In this series with the Bulletin, we ask scholars to talk about how they describe what they do to outsiders by sharing a story or two, and reflect on how this has affected their identity as scholars of religion. For other posts in this series, follow the link.
“What will he become?”
by Sher Afgan Tareen
On most afternoons in West Windsor New Jersey where my aunt resides, apart from grabbing a pear from the kitchen table or scanning all the family pictures in the sunroom for one more time, there usually is not all that much to do. A decade ago, the usual placidity turned tense when my grandmother broached my brother’s career. It had been few months since my brother had informed us that he will apply for graduate school in religious studies and forego his earlier plan of pursuing a career in law or finance. No one raised any concerns. But the silence from our end bespoke a curiosity that had swiftly grown into an unbearably annoying question: “What will he become?” My brother was perturbed. He beseeched everyone to stop bothering him. Back then, I sympathized with him. But as I recollect that afternoon right now, I also erred from blaming my grandmother for causing unnecessary grief. We had not really learned how to react when a college educated boy from Pakistan does not utter Doctor, Engineer, Lawyer or even Cricket player as the career he wishes to pursue. Sure, my grandmother always sounded like an inquisitor when she questioned someone but in that particular moment, she was a hiker who feared getting lost on the trail.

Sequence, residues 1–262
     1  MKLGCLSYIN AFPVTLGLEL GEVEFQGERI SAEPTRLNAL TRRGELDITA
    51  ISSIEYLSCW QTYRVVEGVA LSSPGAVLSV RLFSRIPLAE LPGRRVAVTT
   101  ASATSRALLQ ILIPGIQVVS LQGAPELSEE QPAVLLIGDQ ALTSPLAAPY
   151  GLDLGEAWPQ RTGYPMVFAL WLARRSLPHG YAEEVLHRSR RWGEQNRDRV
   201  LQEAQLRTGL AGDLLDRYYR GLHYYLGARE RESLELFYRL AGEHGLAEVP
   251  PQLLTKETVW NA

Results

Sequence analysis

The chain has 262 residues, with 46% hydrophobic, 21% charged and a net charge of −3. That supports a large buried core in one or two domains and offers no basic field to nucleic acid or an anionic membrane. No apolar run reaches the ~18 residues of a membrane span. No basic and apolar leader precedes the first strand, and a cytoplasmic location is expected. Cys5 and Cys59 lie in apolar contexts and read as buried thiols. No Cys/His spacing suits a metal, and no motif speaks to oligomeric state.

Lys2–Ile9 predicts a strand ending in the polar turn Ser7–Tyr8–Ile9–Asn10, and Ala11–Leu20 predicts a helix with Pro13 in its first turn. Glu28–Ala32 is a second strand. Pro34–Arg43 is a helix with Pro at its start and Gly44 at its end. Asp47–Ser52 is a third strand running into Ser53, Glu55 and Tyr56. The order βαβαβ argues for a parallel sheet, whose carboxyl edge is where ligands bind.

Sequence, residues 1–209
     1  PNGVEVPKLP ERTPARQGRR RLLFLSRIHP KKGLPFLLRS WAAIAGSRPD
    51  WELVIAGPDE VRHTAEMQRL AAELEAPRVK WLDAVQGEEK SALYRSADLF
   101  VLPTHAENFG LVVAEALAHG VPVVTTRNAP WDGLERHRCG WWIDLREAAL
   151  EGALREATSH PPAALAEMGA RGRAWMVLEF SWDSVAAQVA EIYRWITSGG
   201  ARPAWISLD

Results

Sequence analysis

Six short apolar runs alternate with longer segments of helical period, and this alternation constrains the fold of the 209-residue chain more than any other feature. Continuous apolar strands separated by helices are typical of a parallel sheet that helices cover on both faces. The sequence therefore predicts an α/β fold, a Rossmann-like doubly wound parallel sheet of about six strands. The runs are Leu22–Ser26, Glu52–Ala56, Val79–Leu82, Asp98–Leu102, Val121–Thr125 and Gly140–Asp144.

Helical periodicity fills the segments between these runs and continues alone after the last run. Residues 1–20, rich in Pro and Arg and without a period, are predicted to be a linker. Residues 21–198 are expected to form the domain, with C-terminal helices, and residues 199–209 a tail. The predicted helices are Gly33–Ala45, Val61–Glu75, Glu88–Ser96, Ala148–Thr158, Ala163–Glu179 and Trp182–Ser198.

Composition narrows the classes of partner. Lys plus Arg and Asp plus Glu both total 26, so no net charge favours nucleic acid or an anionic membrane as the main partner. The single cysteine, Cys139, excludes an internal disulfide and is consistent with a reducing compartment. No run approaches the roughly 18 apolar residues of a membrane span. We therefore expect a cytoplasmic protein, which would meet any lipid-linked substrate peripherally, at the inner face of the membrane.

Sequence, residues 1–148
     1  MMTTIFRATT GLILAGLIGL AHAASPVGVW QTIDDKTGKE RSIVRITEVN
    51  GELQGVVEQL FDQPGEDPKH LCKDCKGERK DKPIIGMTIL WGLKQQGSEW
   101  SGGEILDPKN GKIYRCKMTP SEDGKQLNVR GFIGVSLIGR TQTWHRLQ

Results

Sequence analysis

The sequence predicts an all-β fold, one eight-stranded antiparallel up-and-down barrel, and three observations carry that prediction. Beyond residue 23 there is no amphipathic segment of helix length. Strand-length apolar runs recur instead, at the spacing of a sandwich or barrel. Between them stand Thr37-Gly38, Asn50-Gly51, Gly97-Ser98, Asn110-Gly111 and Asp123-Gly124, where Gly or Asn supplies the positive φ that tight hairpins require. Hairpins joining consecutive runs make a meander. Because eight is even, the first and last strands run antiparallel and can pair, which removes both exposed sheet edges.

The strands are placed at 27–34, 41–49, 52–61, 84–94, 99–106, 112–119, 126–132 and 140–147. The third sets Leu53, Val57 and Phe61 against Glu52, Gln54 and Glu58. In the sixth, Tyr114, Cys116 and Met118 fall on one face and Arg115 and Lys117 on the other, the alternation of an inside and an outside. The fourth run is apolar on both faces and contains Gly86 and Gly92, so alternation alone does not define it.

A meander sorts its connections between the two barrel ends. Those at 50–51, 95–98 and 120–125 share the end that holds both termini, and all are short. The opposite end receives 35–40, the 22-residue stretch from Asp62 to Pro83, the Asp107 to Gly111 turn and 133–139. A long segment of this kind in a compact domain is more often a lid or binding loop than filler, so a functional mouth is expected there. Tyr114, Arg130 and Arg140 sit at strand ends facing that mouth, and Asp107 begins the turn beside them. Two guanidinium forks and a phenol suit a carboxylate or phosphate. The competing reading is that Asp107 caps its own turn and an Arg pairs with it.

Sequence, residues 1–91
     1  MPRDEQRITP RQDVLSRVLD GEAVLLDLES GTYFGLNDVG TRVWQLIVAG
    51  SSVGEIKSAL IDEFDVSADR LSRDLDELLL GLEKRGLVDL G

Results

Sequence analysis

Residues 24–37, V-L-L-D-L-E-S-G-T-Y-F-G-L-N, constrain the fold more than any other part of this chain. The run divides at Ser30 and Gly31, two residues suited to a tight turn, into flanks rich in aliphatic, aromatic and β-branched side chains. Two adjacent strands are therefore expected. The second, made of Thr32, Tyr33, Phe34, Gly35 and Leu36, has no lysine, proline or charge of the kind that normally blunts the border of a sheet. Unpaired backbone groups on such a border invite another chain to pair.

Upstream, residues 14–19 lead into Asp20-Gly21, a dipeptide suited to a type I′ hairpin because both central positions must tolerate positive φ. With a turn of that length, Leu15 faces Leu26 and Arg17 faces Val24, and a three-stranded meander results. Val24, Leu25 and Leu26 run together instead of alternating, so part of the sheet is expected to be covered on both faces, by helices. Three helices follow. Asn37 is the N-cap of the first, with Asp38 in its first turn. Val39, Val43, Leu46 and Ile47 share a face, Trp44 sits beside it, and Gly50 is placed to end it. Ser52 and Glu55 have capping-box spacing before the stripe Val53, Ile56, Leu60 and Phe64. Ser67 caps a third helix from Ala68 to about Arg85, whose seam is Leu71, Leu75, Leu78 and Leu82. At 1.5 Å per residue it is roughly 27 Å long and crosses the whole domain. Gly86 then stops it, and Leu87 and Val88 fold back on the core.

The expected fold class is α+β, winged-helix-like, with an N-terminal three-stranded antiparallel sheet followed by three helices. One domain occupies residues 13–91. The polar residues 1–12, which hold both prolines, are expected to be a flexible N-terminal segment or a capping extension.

My grandmother had been the one who taught us how to pray and reminded us to fear pork and sexual intimacy. But she belonged to an upper middle class family. Studying religion is not a task expected from folks like us. Our study of religion consists of memorizing the Quran at home with the aid of a poor chap who enjoys the free tea and biscuits he receives in return. In addition, we also take Islamiyat, a class on Islam that elite Pakistanis only mention while recounting the number of A’s they scored in the O’Levels examination. My brother had also been one of those who aced Islamiyaat. But at Macalester College he had enrolled in an Introduction to Islam course, hoping to ameliorate the stress of taking multiple econ courses by balancing them off with a course promising an easy A. But once the semester concluded, an unfamiliar humility subdued his desire to see his grade point average closer to 4.0 than 3.0. He realized that growing up a Muslim does not guarantee an easier route to success in a class on Islam. He gained interest in theory and method of religion and the debates over normative practice of Islam in India during the colonial era. That he could authoritatively describe his research interests however did not parry the question “what will he become?”
My grandmother left us the day he had become. Nowadays, lots of brown folks study and teach Islam. Heck, even Hamza Ali Abassi, a famous actor, hosted a Ramadan television show in which he broached the question of whether a secular state may classify what counts as religion. Someone inform Talal Asad please, if he does not know it yet.
But whereas my brother had to convince his family to remain at ease over a future unknown, I caused unease by resisting the future they have inferred about me.
“A family of PhDs! Wow,” or “So it must run in the family” are phrases I have frequently heard on disparate occasions from people unknown to one another. They deduce the success my brother has had as a scholar of religion as my future. Why wouldn’t they? We share a common past; we are graduates from Macalester College who pursued graduate studies in Religion. Although I have followed his steps, I have felt differently walking on those steps.